YUYAO, CHINA (Nov. 7, 2:35 p.m. ET) — South Korea's Honam Petrochemical Corp. is expanding its compounding capacity in China and adding long-fiber reinforced thermoplastic composite manufacturing in the United States, part of a push to bring newly developed fiber and nanocomposite plastics to global markets.
The Seoul-based company has commercialized manufacturing of lightweight plastic door modules and bumper beams made of long fiber materials in Korean cars, for example, and sees significant potential worldwide as auto makers look to reduce car weight, a company executive said Nov. 7 at a conference in China.
Honam will add 50,000 metric tons of compounding capacity at its factory in Hefei, Anhui Province, next year, giving it a total of 70,000 metric tons capacity there, at the same time as it will start manufacturing its long-fiber LFT composite plastics at its new factory in Auburn, Ala., said Dong Woo Lee, research director at Honam's Daedeok Research Institute in Daejeon, South Korea.
The company plans to have 3,000 metric tons of LFT capacity in Alabama on-stream in January, the same amount of LFT production it has at a facility in Jiaxing, China, Lee said in an interview at the 7th China Plastic Industry Development International Forum, held Nov. 7-8 in Yuyao.
The company told journalists earlier this year it would have 15,000 metric tons of plastics capacity in the Alabama plant by 2013.
Honam is also considering adding compounding capacity in the United States, Europe and Malaysia, Lee said, although no final decisions have been made.
In a speech at the Yuyao conference, Lee said the company is putting significant research into higher-tech lightweight materials for automotive and electronics markets. The U.S. LFT investment, for example, is for U.S. factories of South Korea's Samsung Electronics Co. Ltd. and Hyundai Motor Co., Lee said.
Honam last year commercialized a rear bumper back beam manufacturing process, using LFT composite materials to produce a part that's between 15 and 25 percent lighter than metal or all-plastic bumper beams it could replace, Lee said.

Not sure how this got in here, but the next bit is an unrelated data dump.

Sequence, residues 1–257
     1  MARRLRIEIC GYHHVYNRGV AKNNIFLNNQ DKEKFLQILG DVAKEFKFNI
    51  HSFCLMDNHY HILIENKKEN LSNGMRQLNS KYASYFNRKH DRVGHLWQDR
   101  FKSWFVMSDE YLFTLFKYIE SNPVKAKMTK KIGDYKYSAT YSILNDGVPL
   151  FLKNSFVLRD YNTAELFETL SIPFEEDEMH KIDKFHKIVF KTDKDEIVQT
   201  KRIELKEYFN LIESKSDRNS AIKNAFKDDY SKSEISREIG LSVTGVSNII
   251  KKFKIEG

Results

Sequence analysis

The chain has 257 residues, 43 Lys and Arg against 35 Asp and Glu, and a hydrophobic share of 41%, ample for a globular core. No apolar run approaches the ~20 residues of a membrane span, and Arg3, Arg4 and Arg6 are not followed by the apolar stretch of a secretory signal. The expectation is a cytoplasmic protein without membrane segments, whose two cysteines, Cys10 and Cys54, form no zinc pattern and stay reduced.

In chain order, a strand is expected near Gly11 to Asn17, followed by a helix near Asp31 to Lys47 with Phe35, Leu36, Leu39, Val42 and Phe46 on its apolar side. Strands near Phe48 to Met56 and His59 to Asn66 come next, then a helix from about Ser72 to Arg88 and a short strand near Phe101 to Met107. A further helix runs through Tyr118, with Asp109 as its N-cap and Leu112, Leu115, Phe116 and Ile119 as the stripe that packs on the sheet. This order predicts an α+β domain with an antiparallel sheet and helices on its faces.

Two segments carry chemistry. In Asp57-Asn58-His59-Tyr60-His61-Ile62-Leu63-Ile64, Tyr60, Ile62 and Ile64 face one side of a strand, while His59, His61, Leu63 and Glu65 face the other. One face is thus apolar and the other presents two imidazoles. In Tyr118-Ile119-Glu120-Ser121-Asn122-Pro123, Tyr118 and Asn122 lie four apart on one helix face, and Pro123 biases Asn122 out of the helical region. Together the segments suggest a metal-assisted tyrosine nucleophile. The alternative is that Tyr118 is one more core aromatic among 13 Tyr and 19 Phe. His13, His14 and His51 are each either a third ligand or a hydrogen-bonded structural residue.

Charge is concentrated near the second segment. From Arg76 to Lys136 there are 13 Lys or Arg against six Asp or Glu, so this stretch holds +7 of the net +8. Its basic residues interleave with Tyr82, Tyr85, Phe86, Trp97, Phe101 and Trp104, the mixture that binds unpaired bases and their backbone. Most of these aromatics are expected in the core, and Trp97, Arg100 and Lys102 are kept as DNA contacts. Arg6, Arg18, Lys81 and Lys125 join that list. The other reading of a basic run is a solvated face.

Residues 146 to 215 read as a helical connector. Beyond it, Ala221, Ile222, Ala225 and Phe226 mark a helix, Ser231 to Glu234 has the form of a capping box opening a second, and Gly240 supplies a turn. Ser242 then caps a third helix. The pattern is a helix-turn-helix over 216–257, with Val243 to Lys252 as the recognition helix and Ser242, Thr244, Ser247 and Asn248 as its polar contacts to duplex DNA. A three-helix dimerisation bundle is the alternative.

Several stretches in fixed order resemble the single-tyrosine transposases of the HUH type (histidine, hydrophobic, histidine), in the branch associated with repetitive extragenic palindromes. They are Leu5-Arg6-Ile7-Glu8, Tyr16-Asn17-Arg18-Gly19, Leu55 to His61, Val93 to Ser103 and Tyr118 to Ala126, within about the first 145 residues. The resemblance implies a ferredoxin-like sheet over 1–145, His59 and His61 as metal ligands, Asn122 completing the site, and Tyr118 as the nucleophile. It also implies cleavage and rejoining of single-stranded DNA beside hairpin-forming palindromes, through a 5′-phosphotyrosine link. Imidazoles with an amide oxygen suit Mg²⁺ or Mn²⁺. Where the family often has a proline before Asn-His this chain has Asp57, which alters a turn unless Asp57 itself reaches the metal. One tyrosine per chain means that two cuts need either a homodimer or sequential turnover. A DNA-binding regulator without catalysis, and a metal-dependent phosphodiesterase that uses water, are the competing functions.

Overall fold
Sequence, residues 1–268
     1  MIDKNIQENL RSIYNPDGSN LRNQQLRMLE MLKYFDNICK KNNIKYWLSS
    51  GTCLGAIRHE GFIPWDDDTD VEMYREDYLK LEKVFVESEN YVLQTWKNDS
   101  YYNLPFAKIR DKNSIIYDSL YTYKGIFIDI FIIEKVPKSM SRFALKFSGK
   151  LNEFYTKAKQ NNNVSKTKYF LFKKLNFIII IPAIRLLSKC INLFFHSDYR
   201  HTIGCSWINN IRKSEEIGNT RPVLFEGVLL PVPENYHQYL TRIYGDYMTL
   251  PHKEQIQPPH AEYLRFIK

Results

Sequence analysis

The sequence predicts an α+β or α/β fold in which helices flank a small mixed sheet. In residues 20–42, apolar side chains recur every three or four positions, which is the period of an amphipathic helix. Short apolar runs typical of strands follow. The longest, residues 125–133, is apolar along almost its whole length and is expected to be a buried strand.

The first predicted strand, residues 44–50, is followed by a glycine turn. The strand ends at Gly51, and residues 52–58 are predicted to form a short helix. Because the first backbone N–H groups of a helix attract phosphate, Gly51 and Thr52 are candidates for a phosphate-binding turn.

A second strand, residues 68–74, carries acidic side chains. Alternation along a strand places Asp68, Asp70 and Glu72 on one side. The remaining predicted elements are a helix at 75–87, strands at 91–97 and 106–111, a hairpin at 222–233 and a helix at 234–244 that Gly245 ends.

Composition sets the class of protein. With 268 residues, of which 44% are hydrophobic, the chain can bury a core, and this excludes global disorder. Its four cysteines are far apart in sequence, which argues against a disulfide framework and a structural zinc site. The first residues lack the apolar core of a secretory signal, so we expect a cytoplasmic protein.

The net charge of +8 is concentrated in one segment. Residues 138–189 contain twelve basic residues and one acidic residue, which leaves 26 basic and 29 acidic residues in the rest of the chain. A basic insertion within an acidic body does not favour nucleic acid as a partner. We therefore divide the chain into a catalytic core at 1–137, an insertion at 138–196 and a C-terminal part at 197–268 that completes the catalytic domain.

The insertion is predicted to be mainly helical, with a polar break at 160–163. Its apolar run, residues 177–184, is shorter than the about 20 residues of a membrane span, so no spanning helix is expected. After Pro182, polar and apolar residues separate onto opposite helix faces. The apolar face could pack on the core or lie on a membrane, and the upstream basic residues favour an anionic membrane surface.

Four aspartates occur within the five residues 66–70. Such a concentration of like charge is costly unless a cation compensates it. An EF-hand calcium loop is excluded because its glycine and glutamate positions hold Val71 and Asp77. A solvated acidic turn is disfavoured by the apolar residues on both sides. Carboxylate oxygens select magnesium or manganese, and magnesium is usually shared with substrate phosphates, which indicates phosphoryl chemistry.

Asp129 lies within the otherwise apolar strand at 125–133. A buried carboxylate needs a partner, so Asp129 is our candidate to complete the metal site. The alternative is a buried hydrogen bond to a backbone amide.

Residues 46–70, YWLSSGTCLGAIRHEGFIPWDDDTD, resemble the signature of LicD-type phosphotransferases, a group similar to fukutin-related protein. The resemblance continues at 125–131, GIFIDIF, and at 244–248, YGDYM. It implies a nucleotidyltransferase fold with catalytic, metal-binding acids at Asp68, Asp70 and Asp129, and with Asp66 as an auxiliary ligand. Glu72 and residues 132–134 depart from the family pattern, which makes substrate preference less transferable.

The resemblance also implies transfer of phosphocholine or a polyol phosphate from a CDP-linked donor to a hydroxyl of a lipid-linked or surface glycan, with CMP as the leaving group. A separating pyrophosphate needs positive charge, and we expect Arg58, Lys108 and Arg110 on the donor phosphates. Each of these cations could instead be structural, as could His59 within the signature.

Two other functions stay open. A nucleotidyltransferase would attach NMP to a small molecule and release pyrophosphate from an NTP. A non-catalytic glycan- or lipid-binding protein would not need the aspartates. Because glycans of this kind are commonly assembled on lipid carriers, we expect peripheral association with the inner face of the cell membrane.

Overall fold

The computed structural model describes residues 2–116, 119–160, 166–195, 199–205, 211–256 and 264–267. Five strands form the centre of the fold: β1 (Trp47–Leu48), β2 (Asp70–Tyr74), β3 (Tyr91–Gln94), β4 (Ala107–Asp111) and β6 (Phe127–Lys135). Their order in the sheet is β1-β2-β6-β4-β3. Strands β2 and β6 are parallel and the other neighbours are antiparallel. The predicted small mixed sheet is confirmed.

The company has patents on both the material and the “complicated” compression-injection molding technology, he said. The bumper was used on a 2010 Hyundai Sonata model.
Honam also commercialized a plastic door module in 2009, Korea's first, and has seen it used in eight car models, with six more under development, he said.
The door module is 30 percent lighter than the metal parts it replaces and increases productivity by reducing the number of separate parts needed by 20 percent, the company said.
As well, Honam has developed a thermoplastic olefin nanocomposite material that can be used to reduce weight in exterior and interior automotive parts like side moldings and pillar trim, Lee said.
The company sees significant opportunities internationally. Lee said European car makers, for example, have targets of reducing carbon dioxide emissions from 130 grams per kilometer next year to 95 grams per kilometer in 2020.
“We can estimate that lightweight plastics will have a major role in reducing emissions,” he said.
The South Korean company has been expanding globally recently, buying a majority stake in Malaysia's Titan Chemical Corp. for US$913 million in July 2010, which Lee characterized as a “turning point” in Honam's globalization.
Honam's parent company, South Korean conglomerate Lotte Group, wants Honam Petrochemical's sales to be US$40 billion in 2018, four times today's level, he said.
The conference was organized by China Petroleum and Chemical Industry Federation, the China National Light Industry Council and U.S. consulting firm IHS Inc. and its Chemical Week magazine subsidiary.